Ethiopia's Prime Minister Abiy Ahmed said on Monday that leaders from the Tigray People's Liberation Front (TPLF) had fled from Tigray's regional capital Mekelle, after federal government troops claimed to have captured the city.
Abiy said Ethiopian forces had monitored leaders from Tigray's ruling party leaving Mekelle, moving to the north west of the city in an area between the towns of Hagere Selam and Abiy Addi.
The Ethiopian leader said federal soldiers held off from attacking the TPLF leadership since they retreated with their wives, children and abducted soldiers. But he said this would “not continue”, according to the AFP news agency.
During an address to Ethiopian parliamentarians lasting almost four hours, Abiy heaped praise on Ethiopian troops, describing them as “disciplined” and “victorious”.
TPLF leader Debretsion Gebremichael denied reports that he had fled to South Sudan, the Reuters news agency reported, citing a text message in which he said he was “close” to Mekelle, and was “fighting the invaders”.
It is impossible to independently verify claims by both sides in the conflict, with restrictions on journalists reporting from the Tigray region, and a near complete communications blackout over the course of three weeks of fighting.
Hundreds or possibly thousands of people are feared dead in fighting between Ethiopian troops and forces loyal to the TPLF.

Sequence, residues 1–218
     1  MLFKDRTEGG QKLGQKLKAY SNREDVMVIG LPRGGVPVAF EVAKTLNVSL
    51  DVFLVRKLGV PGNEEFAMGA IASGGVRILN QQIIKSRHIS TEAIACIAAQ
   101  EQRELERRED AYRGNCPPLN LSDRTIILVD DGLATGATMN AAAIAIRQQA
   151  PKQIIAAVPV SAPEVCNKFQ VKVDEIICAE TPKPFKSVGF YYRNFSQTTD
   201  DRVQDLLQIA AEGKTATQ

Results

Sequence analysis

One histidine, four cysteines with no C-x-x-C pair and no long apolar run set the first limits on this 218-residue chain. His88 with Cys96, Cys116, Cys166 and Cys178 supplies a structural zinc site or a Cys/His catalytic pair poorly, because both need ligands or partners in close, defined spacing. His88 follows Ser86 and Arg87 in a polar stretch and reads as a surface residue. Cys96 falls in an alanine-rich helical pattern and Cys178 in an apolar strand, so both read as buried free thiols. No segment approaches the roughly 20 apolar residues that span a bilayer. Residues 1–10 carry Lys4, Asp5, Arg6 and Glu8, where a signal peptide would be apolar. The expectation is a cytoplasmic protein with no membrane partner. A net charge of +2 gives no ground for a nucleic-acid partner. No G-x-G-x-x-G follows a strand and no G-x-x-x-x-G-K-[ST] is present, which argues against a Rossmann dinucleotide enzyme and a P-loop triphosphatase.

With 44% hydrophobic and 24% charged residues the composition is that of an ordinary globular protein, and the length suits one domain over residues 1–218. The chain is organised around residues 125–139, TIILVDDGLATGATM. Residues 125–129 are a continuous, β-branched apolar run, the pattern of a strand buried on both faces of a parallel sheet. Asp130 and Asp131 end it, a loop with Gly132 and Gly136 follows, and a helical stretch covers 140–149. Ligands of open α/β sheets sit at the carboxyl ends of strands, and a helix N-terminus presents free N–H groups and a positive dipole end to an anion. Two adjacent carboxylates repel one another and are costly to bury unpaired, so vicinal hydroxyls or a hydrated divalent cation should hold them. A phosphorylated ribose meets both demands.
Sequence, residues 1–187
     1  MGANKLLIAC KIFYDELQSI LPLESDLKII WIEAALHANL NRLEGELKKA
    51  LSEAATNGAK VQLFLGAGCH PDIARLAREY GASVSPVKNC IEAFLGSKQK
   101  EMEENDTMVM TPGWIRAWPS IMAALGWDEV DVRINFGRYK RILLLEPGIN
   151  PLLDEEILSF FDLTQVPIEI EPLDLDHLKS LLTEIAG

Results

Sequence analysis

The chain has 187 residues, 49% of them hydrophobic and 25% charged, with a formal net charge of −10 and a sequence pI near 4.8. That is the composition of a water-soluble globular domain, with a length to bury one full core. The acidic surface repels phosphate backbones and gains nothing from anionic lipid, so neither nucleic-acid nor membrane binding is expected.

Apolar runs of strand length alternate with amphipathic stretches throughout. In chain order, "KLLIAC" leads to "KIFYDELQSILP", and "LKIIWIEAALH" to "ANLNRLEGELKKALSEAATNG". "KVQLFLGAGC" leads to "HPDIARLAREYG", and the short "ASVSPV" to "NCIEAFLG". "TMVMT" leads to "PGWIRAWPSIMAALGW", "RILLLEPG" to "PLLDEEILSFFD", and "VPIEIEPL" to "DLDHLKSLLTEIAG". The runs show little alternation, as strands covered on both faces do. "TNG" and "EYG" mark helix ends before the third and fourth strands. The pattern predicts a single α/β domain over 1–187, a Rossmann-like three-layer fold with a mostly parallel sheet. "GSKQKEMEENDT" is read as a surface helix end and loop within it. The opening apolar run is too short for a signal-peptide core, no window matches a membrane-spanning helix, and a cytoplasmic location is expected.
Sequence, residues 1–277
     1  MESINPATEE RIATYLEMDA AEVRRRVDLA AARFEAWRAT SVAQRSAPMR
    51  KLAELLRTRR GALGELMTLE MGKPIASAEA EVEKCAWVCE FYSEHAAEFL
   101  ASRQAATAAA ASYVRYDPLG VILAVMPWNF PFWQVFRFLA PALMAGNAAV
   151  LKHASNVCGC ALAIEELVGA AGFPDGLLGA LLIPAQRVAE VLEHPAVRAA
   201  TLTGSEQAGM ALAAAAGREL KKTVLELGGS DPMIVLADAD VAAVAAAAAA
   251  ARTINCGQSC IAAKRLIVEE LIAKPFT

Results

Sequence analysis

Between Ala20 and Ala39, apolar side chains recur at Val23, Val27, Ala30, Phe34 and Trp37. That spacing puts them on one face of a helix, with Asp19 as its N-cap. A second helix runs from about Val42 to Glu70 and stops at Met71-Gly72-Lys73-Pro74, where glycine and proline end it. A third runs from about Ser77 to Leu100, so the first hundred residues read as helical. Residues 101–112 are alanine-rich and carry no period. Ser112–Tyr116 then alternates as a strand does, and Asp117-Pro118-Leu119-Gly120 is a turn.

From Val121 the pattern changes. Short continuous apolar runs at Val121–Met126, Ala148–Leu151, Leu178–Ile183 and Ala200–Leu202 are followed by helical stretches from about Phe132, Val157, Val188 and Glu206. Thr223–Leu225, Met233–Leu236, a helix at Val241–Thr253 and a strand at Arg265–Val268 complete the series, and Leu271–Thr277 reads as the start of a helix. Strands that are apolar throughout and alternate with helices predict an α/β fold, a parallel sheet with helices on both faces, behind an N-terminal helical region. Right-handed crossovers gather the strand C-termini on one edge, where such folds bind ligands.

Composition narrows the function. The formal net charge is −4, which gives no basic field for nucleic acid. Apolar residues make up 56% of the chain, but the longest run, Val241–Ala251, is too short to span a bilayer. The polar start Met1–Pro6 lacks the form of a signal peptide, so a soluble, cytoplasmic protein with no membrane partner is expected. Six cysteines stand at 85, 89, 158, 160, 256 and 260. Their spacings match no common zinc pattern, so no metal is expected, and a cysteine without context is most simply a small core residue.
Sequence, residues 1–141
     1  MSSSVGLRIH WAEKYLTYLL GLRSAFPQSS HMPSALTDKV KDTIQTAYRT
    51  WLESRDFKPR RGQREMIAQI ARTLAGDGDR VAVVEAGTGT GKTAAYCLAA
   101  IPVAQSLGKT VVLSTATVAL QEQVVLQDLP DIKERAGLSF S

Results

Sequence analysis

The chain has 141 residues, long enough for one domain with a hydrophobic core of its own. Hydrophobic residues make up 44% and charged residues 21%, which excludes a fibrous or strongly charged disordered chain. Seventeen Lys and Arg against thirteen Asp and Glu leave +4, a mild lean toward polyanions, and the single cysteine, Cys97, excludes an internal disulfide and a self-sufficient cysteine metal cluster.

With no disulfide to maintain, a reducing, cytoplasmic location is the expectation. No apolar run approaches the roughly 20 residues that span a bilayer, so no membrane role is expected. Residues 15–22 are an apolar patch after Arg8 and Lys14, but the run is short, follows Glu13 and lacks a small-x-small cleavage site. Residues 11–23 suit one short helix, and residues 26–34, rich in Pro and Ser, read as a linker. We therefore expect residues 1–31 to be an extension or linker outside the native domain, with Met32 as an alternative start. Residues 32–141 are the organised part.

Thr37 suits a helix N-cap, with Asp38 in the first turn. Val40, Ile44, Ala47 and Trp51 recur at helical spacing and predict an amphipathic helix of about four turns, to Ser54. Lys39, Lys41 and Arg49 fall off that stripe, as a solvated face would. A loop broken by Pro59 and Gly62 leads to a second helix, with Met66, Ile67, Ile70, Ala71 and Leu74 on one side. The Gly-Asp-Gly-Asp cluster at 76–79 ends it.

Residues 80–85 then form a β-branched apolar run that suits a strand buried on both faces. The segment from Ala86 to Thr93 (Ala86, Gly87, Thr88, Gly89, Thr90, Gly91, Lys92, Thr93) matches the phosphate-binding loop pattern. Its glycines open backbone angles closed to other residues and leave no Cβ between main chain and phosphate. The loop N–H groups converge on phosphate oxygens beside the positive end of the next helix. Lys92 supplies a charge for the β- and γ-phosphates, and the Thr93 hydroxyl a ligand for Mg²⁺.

Abiy launched the offensive following an alleged attack orchestrated by the TPLF against Ethiopian soldiers stationed in the region. The TPLF denied it carried out such an attack.
Humanitarian agencies report tens of thousands of refugees fleeing from the northern region, crossing the border into neighbouring Sudan.
The Ethiopian prime minister on Saturday claimed victory in their operation, saying federal forces had secured the city of Mekelle. However, the TPLF has said it will continue to fight Ethiopian soldiers as long as they occupy Tigrayan soil.
Abiy said “not even a single person” was injured by the operation in Mekelle, AFP reported.
The International Committee of the Red Cross said on Sunday that hospitals in Tigray were struggling to care for the wounded, with one hospital in Mekelle registering 80% of patients receiving treatment for trauma injuries.